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Re-introducing politics in African farmer-led irrigation development: Introduction to a Special Issue

Gert Jan Veldwisch
Water Resources Management Group, Wageningen University, Wageningen, the Netherlands; gertjan.veldwisch@wur.nl

Jean-Philippe Venot
UMR G-EAU, IRD, and University of Montpellier, Montpellier, France; Water Resources Management Group, Wageningen University, Wageningen, the Netherlands; and Royal University of Agriculture, Phnom Penh, Cambodia; jean-philippe.venot@ird.fr

Philip Woodhouse
Global Development Institute, University of Manchester, Manchester, UK; phil.woodhouse@manchester.ac.uk

Hans C. Komakech
WISE – Futures: Centre for Water Infrastructure and Sustainable Energy Futures, Nelson Mandela African Institution of Science and Technology, Arusha, Tanzania; hans.komakech@nm-aist.ac.tz

Dan Brockington
Sheffield Institute for International Development, University of Sheffield, Sheffield, UK; d.brockington@sheffield.ac.uk

ABSTRACT: This introduction is a reflexive piece on the notion of farmer-led irrigation development and its politics. It highlights the way the varied contributions to the Special Issue support a shared perspective on farmer-led irrigation development as a process whereby farmers drive the establishment, improvement, and/or expansion of irrigated agriculture, often in interaction with other actors. We analyse how the terminology is used and reproduced, and what it means for our understanding of irrigation policy and practices in sub-Saharan Africa. A central tenet of our argument is that farmer-led irrigation development is inherently political, as it questions the primacy of engineering and other expert knowledges regarding the development of agricultural water use practices in Africa as well as the privileging of formal state planning or technical solutions. We show how mainstream understanding of farmers’ engagement focuses on (1) regulation and control, (2) profitability, and (3) technical efficiency. We demonstrate how these three perspectives have contributed to depoliticised readings of farmer-led irrigation (development), which has been essential to the ability of the terminology to travel and find global allies. Second, we explore the paradox of the invisibility of farmer-led irrigation development in national policies and practices. We discuss practical and political reasons underlying this silence and point out that there are important advantages for irrigators in not being visible. In conclusion we highlight what can be gained from adopting an explicitly political analysis of the processes through which farmers engage in irrigation on their own terms.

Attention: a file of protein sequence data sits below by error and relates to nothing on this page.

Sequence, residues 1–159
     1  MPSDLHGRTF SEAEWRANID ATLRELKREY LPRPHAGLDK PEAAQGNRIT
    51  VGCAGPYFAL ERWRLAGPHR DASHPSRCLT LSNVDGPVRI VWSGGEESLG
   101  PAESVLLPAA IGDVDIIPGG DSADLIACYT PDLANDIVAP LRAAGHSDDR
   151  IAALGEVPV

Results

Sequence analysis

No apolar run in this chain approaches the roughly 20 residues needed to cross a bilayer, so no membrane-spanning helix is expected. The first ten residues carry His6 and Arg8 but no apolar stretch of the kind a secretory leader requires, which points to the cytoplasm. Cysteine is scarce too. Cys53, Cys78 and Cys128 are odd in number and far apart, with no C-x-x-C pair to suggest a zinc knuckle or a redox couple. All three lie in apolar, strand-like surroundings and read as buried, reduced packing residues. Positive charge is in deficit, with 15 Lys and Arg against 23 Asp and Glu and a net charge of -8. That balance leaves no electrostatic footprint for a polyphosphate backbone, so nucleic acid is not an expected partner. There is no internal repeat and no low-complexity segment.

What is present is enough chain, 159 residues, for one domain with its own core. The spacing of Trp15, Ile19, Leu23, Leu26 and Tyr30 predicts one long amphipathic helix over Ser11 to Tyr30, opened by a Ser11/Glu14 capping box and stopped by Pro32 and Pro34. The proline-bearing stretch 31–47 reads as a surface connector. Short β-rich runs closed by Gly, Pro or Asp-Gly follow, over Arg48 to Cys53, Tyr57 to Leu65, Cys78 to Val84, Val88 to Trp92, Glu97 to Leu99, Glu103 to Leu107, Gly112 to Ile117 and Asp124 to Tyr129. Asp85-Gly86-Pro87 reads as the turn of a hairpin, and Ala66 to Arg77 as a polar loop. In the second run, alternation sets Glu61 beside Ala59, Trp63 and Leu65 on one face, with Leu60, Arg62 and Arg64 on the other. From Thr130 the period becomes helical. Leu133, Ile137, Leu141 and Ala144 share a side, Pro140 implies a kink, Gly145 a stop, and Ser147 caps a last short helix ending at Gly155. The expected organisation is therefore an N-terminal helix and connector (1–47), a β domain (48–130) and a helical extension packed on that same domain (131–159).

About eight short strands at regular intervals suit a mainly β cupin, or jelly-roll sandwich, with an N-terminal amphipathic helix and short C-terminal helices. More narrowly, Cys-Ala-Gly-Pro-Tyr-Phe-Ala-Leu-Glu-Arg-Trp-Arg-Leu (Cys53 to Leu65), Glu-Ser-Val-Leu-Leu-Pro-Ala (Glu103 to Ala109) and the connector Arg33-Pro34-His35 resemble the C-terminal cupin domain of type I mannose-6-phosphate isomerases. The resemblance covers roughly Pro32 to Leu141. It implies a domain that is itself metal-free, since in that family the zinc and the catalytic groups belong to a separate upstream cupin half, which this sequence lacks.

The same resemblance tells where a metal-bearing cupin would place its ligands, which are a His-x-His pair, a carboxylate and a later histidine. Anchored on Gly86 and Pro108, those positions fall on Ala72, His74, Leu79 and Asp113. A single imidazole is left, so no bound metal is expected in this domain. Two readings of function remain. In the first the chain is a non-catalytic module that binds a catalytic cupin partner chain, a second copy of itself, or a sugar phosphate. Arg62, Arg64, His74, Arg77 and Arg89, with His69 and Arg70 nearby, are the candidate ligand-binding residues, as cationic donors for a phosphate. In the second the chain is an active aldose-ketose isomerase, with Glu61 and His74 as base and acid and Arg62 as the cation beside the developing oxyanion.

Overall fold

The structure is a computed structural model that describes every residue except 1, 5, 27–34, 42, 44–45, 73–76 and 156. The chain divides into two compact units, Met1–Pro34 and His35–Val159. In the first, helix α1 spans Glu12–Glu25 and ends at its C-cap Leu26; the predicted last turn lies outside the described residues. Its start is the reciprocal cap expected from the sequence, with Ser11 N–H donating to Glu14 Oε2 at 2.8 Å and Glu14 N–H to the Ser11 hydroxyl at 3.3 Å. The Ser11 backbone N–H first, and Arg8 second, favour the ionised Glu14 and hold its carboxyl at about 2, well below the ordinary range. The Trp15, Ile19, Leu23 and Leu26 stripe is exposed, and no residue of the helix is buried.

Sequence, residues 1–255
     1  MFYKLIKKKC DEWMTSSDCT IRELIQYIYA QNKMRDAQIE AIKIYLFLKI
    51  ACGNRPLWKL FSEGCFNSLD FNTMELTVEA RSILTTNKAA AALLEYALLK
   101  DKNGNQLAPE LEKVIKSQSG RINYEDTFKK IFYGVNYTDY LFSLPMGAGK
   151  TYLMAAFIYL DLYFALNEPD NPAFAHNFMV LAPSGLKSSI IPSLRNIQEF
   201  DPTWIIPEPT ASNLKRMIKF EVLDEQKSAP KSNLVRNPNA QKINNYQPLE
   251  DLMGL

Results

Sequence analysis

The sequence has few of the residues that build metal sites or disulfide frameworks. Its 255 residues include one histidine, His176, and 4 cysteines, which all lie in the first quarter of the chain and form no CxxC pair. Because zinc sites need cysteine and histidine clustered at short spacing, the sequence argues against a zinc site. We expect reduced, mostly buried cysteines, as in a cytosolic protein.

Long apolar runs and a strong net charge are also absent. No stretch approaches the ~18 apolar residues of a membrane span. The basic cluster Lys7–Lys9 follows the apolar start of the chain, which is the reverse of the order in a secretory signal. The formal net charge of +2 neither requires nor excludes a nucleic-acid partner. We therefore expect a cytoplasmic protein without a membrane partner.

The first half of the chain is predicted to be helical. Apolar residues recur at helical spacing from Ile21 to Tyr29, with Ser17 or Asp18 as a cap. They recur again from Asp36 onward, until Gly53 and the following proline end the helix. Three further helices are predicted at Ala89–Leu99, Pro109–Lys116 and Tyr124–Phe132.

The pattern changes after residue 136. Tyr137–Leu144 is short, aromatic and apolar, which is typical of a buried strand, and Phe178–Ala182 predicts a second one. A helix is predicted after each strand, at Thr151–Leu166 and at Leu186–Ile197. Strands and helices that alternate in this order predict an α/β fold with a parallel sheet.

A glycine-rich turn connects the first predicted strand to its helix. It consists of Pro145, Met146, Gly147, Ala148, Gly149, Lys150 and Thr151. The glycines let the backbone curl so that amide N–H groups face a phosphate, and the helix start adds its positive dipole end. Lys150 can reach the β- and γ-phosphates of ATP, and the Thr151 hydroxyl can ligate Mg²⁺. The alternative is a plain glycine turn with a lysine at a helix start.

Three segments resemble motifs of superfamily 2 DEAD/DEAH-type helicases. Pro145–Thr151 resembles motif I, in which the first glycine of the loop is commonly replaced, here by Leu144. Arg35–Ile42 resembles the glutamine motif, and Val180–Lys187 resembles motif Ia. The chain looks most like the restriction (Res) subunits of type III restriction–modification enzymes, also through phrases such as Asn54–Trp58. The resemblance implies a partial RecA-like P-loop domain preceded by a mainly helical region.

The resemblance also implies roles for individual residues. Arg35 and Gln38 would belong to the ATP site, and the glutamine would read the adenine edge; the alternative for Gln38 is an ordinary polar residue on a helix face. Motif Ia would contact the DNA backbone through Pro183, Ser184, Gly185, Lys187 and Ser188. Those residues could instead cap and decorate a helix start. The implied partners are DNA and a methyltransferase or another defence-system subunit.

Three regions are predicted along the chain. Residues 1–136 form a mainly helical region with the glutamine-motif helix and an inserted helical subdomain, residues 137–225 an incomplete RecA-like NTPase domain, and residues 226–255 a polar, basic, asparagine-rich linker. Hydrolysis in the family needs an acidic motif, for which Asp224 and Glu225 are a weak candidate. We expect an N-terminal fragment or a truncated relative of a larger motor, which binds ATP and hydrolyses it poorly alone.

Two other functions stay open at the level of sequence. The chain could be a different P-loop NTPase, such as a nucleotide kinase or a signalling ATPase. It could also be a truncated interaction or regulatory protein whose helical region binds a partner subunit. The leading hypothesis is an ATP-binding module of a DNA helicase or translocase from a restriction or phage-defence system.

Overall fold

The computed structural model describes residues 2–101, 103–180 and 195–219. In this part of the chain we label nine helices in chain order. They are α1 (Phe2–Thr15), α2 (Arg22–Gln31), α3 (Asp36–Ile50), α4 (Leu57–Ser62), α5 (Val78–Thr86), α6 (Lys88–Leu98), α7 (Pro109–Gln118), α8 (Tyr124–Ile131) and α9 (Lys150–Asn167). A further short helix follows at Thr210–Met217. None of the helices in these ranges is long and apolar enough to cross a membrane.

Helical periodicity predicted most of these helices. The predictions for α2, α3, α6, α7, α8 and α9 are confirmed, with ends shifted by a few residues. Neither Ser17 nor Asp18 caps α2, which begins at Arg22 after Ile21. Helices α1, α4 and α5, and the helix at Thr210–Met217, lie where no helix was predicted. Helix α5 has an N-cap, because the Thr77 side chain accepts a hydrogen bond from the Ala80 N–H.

KEYWORDS: Irrigation, farmer-led irrigation development, sub-Saharan Africa, irrigation policies, state planning, expert knowledges